First the bad news - you'll need to do
some actual thinking if you want to get
the full benefit from reading this article.
But the good news is that it's worth it
because, once you've 'taught' the Spectrum a new statement, then you'll be
able to use it in any Basic program you
care to write. So, let's move on and look
at some fundamental concepts ... |
The first concept is the fact that the Interface 1 contains a brand new ROM (called the Shadow ROM) which is totally separate from the normal Spectrum ROM. Both ROMs use the same addresses, so you can only ever have one of them in place at once. The Shadow ROM occupies addresses 0000 to 1FFF Hex - so as soon as you start using it, every CALL instruction in this range will actually CALL a routine in the Shadow ROM, not the Spectrum ROM. This includes the re-starts - all of the RST instructions do different things when the Shadow ROM is in place. And here's where the crunch comes in: an Extended Basic handling routine operates with the Shadow ROM in place.
A machine code routine to cope with a new Basic command has to scan through such a line of Basic to make sure all is well, and then carry out the required task. The second fundamental concept then is that of the 'current character' in a Basic line. The gist of it is that we can only check one character at a time (although in practice, there are some ROM subroutines we can use to speed things up) and so the 'current character' is a pointer to the character we are currently checking. (This pointer is stored as the system variable (CH_ADD).)
To avoid all confusion, we'll precede all Shadow ROM addresses with the capital letter 'X'. So '1234' means address 1234 in the Spectrum ROM, and 'X1234' means address l234 in the Shadow ROM. Because all the re-starts are different, it'll be useful to spend some time explaining just one of them - RST X1O. The byte 'D7' (meaning RST X1O) must be followed by two bytes of data. These bytes represent an address in the Spectrum ROM (that's the Spectrum ROM, not the Shadow ROM) with, as ever, the bytes in reverse order. The purpose of this instruction is to call a subroutine in the Spectrum ROM at the address given. So 'D72000' - which is Hex for 'RST X10/0020' - actually means CALL 0020 in the Spectrum ROM. This is, of course, very handy.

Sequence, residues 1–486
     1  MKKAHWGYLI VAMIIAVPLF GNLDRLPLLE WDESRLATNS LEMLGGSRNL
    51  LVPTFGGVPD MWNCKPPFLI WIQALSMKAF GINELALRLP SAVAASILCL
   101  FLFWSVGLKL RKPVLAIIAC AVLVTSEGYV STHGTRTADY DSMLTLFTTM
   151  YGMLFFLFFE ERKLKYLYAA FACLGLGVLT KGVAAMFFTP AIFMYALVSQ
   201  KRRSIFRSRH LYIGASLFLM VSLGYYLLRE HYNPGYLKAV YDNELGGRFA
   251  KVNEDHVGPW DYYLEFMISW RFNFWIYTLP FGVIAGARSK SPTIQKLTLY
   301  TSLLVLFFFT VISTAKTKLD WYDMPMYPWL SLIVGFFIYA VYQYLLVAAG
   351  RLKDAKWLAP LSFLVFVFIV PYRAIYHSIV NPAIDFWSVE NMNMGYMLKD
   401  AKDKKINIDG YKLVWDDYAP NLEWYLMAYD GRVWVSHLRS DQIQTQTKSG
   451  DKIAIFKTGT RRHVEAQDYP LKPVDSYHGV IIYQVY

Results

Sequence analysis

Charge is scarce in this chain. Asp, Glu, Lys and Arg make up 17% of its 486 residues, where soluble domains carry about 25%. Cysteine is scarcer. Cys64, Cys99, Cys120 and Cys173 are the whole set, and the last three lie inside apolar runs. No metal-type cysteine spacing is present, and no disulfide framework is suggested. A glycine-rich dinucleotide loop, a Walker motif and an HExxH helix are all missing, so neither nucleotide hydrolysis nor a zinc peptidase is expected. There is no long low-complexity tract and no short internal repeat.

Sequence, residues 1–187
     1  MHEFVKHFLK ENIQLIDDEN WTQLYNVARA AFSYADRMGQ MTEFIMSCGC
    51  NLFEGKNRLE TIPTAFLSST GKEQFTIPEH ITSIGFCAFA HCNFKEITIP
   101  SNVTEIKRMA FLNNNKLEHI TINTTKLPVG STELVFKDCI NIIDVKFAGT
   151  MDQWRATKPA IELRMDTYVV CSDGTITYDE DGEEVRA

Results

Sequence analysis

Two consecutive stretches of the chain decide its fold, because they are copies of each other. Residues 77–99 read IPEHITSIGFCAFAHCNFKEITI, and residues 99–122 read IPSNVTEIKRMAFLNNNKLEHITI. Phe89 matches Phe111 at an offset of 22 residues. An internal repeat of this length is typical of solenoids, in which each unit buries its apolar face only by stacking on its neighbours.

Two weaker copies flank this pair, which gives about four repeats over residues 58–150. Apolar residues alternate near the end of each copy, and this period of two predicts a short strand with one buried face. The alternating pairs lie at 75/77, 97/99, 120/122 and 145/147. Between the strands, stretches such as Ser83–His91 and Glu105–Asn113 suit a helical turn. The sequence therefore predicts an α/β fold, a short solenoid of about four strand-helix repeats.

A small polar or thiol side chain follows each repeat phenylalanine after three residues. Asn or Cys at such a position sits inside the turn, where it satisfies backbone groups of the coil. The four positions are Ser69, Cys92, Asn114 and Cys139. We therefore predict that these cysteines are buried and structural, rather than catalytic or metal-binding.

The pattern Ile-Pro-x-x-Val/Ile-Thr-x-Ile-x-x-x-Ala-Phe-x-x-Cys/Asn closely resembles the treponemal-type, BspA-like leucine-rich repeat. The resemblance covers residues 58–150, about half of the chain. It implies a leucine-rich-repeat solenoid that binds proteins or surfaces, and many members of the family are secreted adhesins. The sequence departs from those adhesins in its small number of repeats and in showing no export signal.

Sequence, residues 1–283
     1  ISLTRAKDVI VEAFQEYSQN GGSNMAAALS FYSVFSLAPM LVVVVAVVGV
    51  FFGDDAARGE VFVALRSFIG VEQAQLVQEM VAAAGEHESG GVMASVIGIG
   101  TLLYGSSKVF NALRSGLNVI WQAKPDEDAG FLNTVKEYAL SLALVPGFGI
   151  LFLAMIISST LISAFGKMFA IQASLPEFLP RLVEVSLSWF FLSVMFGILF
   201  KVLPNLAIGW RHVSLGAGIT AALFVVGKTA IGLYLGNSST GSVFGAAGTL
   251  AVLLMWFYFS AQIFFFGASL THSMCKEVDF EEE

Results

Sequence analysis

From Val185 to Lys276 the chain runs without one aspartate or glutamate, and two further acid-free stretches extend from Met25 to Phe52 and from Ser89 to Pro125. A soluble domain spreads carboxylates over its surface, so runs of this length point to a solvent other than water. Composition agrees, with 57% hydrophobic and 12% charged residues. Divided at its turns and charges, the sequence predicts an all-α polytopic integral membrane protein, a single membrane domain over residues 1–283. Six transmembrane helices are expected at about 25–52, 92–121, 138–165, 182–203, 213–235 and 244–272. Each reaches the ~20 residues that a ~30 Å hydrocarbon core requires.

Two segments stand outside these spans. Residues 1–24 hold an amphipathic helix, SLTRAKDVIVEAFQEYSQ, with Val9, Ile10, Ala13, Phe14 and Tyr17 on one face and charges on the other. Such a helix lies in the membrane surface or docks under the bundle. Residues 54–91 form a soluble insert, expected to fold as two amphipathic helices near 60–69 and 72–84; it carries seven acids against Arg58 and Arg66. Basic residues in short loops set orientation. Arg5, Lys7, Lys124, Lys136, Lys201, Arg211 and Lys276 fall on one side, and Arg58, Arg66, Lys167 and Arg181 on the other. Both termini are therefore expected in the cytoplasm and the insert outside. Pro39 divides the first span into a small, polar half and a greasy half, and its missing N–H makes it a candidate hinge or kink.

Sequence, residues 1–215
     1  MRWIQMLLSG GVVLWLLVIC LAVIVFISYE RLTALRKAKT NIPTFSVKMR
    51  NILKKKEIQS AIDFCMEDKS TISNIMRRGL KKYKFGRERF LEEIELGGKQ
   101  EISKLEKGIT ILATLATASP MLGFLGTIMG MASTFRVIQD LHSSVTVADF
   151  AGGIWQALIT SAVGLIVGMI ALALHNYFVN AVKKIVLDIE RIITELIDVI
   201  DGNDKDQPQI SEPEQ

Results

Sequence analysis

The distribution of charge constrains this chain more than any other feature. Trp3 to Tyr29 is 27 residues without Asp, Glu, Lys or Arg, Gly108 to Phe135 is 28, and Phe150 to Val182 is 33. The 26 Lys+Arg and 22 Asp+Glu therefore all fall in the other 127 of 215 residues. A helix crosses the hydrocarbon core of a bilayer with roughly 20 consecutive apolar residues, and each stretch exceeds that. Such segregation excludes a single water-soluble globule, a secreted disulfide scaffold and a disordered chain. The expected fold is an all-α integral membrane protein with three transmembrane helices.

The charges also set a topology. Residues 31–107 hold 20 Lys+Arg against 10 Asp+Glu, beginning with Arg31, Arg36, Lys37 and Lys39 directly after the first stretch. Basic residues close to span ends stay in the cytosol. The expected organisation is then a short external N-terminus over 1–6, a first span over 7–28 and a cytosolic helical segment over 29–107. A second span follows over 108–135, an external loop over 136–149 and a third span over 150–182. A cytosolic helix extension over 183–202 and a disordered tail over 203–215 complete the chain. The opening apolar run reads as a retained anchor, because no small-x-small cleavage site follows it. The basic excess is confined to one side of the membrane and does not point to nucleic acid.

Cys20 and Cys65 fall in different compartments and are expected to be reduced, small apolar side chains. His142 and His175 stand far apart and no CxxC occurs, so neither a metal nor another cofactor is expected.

Let's consider a routine which extends Basic, making 'USR' a command instead of just a function. Thus, the line:
is now a valid Basic line. The purpose of this Basic line is to call a machine code routine (in the above case at address 40000), but it avoids all that messing around with RANDOMIZE USR and PRINT USR and so on. In other words, the final value of the BC register is
'forgotten' at the end of the routine -
there are no 'side effects' like changing the random number seed. The
routine at address 40000 (or
wherever) must assume that the Spectrum ROM - so in other words my
USR command is exactly the same as
the normal USR function. |
The machine code necessary to create this new command is very short, and may be placed at absolutely any address in RAM. To activate it, however, you must not CALL it in the usual way. Instead you must activate it by loading the system variable VECTOR (address 5CB7, or decimal 23735) with the address of the label START in my program - that's all you need to do.
Having typed in the machine code to any suitable address (remembering to fill in the address that's labelled SUB_ADDR in the listing, and having POKEd the system variable VECTOR with the address of the label START) you'll find that BASIC has now been extended. Try this Basic program to see:
USR 3435 is the subroutine for CLS in the ROM, so you should expect the screen to clear every time you input zero. Does it work?
You'll notice that my machine code listing contains rather a lot of calls to
subroutines in the ROMs. Some of
these are important for you to know.
Address X01F0 is the address you
have to jump to if the Basic line is not
recognised. Address X05B7 is a sub-
routine which tests for the end of a Basic
line - that is for a colon or a carriage
return; if this is not found then a syntax
error results. But more importantly, if
we are only checking the syntax, and not
actually carrying out the statement,
then this routine will insert the line into a
Basic program if it has a line number -
or prepare to execute it if not. Control
will not return from subroutine X05B7
unless we are actually carrying out the
statement. Finally, address X05C1 is
the address you must jump to when all
the work has been carried out. |
When extending Basic on your own, it will be useful to know lots of other sub- routine addresses in the Spectrum ROM. There are too many of them to list here, so either to grab hold of a copy of The Complete Spectrum ROM Disassembly by Dr Ian Logan and Dr Frank O'Hara or, alternatively, get in touch with the ZX Machine Code Users' Club, nn xxxxxxxxx xxxx, xxxxxxxxx, xxxxxx xxxxxx xxnn nxx.
Incidentally, there's one nice little advantage to using my USR command instead of Uncle Clive's USR function. And that is that with my routine the final value of HL' is unimportant, whereas Sinclair Research's routine necessitates that HL' must contain 2758 on return.